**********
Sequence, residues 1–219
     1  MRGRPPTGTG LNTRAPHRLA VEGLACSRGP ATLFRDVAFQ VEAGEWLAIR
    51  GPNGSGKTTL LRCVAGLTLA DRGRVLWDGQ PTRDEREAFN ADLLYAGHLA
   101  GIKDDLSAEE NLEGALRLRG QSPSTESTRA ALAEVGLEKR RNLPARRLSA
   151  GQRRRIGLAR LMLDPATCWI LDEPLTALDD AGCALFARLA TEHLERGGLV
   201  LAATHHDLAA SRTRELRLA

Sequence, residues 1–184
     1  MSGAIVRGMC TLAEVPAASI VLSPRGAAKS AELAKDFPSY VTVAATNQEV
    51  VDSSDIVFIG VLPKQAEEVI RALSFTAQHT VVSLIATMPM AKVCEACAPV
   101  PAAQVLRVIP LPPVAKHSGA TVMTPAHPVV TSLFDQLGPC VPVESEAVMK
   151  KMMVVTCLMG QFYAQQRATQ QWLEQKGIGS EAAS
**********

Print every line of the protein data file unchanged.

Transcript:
Sequence, residues 1–219
     1  MRGRPPTGTG LNTRAPHRLA VEGLACSRGP ATLFRDVAFQ VEAGEWLAIR
    51  GPNGSGKTTL LRCVAGLTLA DRGRVLWDGQ PTRDEREAFN ADLLYAGHLA
   101  GIKDDLSAEE NLEGALRLRG QSPSTESTRA ALAEVGLEKR RNLPARRLSA
   151  GQRRRIGLAR LMLDPATCWI LDEPLTALDD AGCALFARLA TEHLERGGLV
   201  LAATHHDLAA SRTRELRLA

Sequence, residues 1–184
     1  MSGAIVRGMC TLAEVPAASI VLSPRGAAKS AELAKDFPSY VTVAATNQEV
    51  VDSSDIVFIG VLPKQAEEVI RALSFTAQHT VVSLIATMPM AKVCEACAPV
   101  PAAQVLRVIP LPPVAKHSGA TVMTPAHPVV TSLFDQLGPC VPVESEAVMK
   151  KMMVVTCLMG QFYAQQRATQ QWLEQKGIGS EAAS